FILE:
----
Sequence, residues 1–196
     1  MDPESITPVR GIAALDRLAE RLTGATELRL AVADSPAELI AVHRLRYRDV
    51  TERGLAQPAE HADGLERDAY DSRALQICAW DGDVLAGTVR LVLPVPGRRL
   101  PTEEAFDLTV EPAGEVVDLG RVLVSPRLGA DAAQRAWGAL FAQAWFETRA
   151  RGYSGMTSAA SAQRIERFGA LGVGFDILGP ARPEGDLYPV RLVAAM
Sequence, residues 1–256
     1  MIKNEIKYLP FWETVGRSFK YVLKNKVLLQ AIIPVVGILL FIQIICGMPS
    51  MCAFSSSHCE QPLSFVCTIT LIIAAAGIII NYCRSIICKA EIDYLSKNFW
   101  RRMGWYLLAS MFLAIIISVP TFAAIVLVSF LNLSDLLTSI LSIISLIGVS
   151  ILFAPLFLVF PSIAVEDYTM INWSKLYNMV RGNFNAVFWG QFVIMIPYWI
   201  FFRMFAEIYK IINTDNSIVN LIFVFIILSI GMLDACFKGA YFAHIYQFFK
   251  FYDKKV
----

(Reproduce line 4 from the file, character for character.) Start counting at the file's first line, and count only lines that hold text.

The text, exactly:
   101  PTEEAFDLTV EPAGEVVDLG RVLVSPRLGA DAAQRAWGAL FAQAWFETRA